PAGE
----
August 15, 2019
This past Monday, I discovered an interesting study that was examined and presented by Humanities Indicators. For those who are not familiar with them, Humanities Indicators is run by the American Academy of the Arts and Sciences. The Academy is an honorary society that recognizes and celebrates the excellence of its members, and it is an independent research center convening the leaders from across disciplines, professions, and perspectives to address significant challenges. Humanities Indicators, according to the website, presents data which are quantitative descriptive statistics that chart trends over time in aspects of the humanities that are of interest to a wide audience and for which there are available data. As the title suggests, the results from the study revealed the number of visitors coming to historic sites and museums is on the rise.
On the results page, it revealed that the results were updated this month, so we know they continuously update the information as new studies have been completed. In the report, it stated according to the National Endowment for the Arts’ Survey of Public Participation in the Arts (SPPA), the percentage of people making at least one such visit fell steadily from 1982 to 2012, before rising somewhat in 2017. The recent results make me hopeful that the numbers will continue to increase especially since we need to preserve the historic sites, parks, and collections for future generations to learn about our past, and learn how we remember and preserve the past. It is important now more than ever to help educate people and future generations why history is significant in understanding how the country came to the current state it is in. I continued to read the study to learn about the findings they discovered about historic sites and museums.
There were a few findings and trends they reported on the webpage to explain the rise of visitors to historic sites and museums. For instance, the number of American adults who visited historic sites has changed in a few ways:
In 2017, 28% of American adults reported visiting a historic site in the previous year. This represented an increase of 4.4 percentage points from 2012 (the last time SPPA was administered), but a decrease of 8.9 percentage points from 1982 (Indicator V-13a). The bulk of the decline in visitation occurred from 2002 to 2008.
The Indicator V-13a refers to the bar graph that measures the percentage of U.S. adults by age who toured a park, monument, building, or neighborhood for historic or design value in the previous 12 months between 1982 and 2017. What did not surprise me too much was the bulk of the decline between 2002 and 2008 since it was the years leading up to the recession and I assume not many people were willing or able to travel as much (of course there is more than one reason for the decline). Other findings and trends that were shared by Humanities Indicators include:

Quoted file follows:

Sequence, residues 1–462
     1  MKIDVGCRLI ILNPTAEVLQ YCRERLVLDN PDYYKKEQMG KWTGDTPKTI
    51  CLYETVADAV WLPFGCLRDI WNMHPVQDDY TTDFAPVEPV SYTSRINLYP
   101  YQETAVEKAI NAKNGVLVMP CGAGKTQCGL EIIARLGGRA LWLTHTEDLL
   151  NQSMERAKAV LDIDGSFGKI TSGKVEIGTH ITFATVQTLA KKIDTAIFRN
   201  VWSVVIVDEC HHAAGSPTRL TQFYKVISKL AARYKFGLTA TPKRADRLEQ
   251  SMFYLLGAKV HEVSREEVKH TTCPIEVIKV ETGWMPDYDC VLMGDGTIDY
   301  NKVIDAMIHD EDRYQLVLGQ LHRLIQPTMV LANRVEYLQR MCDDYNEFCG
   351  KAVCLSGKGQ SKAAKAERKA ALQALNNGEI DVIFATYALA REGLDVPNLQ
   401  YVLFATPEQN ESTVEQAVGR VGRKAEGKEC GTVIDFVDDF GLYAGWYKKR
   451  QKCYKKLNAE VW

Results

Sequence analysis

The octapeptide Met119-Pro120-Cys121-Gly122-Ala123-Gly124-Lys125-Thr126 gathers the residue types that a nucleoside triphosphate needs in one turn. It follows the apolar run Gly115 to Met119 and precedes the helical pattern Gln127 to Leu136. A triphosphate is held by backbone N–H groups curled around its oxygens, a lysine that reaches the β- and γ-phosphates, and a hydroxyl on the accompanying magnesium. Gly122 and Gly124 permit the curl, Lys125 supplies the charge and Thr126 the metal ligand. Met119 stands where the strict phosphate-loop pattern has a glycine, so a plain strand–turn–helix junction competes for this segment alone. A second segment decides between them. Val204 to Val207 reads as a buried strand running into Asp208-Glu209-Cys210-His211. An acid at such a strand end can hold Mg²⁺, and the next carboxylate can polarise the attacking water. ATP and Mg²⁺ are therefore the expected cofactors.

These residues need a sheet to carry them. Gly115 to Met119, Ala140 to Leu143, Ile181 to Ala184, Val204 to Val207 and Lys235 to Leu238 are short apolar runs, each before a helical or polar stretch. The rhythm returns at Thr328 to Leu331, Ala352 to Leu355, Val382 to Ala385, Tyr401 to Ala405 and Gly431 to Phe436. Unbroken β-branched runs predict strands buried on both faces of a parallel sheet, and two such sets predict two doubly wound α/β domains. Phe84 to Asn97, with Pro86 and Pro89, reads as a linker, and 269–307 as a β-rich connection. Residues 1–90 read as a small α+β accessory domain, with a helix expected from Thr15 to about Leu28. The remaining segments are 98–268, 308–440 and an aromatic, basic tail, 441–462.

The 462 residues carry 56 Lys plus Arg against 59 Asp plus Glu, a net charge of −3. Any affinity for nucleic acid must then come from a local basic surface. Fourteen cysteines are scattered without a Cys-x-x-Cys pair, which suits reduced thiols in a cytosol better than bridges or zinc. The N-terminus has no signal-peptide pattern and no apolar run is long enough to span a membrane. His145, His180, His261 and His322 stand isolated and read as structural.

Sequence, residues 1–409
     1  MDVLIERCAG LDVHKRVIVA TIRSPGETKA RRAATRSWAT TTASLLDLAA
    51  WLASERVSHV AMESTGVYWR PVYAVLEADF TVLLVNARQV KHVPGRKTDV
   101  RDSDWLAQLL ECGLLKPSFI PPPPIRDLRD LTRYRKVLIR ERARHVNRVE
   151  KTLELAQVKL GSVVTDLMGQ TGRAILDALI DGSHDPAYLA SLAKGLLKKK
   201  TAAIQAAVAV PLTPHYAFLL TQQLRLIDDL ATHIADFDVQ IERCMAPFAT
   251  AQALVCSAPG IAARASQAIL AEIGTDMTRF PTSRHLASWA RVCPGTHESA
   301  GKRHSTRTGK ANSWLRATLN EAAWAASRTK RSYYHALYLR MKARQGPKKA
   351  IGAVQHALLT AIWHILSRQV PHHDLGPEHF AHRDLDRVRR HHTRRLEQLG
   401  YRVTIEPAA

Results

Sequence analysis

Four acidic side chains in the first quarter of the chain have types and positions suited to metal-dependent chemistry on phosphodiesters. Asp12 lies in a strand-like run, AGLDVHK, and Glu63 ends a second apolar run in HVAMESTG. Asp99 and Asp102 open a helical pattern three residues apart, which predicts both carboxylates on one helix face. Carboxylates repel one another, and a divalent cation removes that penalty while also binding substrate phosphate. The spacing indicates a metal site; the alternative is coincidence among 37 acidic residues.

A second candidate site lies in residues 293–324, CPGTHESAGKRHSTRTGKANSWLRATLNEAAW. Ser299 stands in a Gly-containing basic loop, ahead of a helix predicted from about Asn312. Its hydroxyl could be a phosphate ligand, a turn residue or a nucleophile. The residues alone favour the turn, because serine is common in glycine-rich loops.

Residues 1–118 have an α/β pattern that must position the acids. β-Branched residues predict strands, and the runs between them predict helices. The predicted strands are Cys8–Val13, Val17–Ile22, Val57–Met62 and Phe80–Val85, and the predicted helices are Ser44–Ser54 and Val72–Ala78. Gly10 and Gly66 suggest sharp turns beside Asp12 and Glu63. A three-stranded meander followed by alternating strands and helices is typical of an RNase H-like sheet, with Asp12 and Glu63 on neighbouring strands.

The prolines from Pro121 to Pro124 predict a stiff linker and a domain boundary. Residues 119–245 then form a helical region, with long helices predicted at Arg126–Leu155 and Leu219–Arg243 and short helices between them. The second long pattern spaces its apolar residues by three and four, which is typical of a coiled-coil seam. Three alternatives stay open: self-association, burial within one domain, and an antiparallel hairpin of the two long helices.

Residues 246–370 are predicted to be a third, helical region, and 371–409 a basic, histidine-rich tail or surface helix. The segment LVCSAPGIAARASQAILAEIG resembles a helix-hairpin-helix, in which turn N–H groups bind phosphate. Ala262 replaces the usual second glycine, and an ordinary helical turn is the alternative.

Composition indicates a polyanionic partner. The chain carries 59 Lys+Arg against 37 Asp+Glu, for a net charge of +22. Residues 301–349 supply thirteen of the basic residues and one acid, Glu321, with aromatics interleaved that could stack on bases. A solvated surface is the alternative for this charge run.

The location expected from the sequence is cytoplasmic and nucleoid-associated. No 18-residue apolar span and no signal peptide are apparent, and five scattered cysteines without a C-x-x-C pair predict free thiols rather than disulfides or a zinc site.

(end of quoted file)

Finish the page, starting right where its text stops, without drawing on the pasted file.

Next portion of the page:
From 1982 to 2017, the differences among age groups with respect to rates of historic site visitation decreased. For example, in 1982, the rate of visitation among 25-to-34-year-olds (the group most likely to visit a historic site in that survey) was approximately 11 percentage points higher than that of the youngest age group (18-to-24-year-olds), and more than 17 points higher than that of people ages 65–74. By 2017, however, the visitation rate of 25-to-34-year-olds had dropped to within five percentage points of the younger cohort and was virtually identical of that for the older group.
Much of the recent growth in visits to historic sites occurred among parks classified as national memorials and was driven by a particularly high level of visitation at sites that did not exist in 1995, such as the Franklin Delano Roosevelt Memorial (3.3 million visitors in 2018), the Martin Luther King, Jr. Memorial (3.6 million visitors), and the World War II Memorial (4.7 million visitors). As a result, visits to national memorials increased more than 300% from 1995 to 2016, even as the number of sites increased just 26% (from 23 to 29). In comparison, visits to national monuments increased only 3%, even as the number of sites in the category increased by 9% (from 64 to 70). From 2016 to 2018, the number of visits fell in every category, with the largest decline occurring at the memorial sites (down 10%), and the smallest drop at national monuments (3%).
When I read the study not only was I beginning to see hope in the future of museum and historic site visits, but I also began to get curious about how historic sites and museums visits were influenced by people outside the country visiting the United States. Is there a study out there that showed foreign visitors at the historic sites, parks, museums? Were the patterns like what has been presented in this study?
I would also be interested in the number of families that visit the historic sites and museums. Are there similar patterns found in this study for family visitors? It would be worth looking into both foreign visitors and families.
To find out the rest of the findings and the charts that visually represented the results they discovered, I included a link to the original site they presented the study. They also included a study on attendance of art museums, and I included the link to this one as well.
Historic Sites Visits: https://www.humanitiesindicators.org/content/indicatordoc.aspx?i=101
Art Museum Attendance: https://www.humanitiesindicators.org/content/indicatordoc.aspx?i=102
American Academy of the Arts and Sciences: https://www.amacad.org/
Humanities Indicators: https://www.humanitiesindicators.org/default.aspx